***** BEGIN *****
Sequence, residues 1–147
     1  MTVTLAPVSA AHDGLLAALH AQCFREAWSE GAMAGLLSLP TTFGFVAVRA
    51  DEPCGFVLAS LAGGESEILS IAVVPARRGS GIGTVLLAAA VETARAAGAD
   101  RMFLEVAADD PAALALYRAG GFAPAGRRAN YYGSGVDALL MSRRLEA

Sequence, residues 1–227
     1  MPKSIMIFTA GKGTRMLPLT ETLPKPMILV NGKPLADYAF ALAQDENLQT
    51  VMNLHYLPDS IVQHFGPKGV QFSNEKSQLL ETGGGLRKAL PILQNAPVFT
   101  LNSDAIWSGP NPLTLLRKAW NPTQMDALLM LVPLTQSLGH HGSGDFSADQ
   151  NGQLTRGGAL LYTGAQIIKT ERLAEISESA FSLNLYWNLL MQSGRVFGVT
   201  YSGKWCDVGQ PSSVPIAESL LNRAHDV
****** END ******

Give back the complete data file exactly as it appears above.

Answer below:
Sequence, residues 1–147
     1  MTVTLAPVSA AHDGLLAALH AQCFREAWSE GAMAGLLSLP TTFGFVAVRA
    51  DEPCGFVLAS LAGGESEILS IAVVPARRGS GIGTVLLAAA VETARAAGAD
   101  RMFLEVAADD PAALALYRAG GFAPAGRRAN YYGSGVDALL MSRRLEA

Sequence, residues 1–227
     1  MPKSIMIFTA GKGTRMLPLT ETLPKPMILV NGKPLADYAF ALAQDENLQT
    51  VMNLHYLPDS IVQHFGPKGV QFSNEKSQLL ETGGGLRKAL PILQNAPVFT
   101  LNSDAIWSGP NPLTLLRKAW NPTQMDALLM LVPLTQSLGH HGSGDFSADQ
   151  NGQLTRGGAL LYTGAQIIKT ERLAEISESA FSLNLYWNLL MQSGRVFGVT
   201  YSGKWCDVGQ PSSVPIAESL LNRAHDV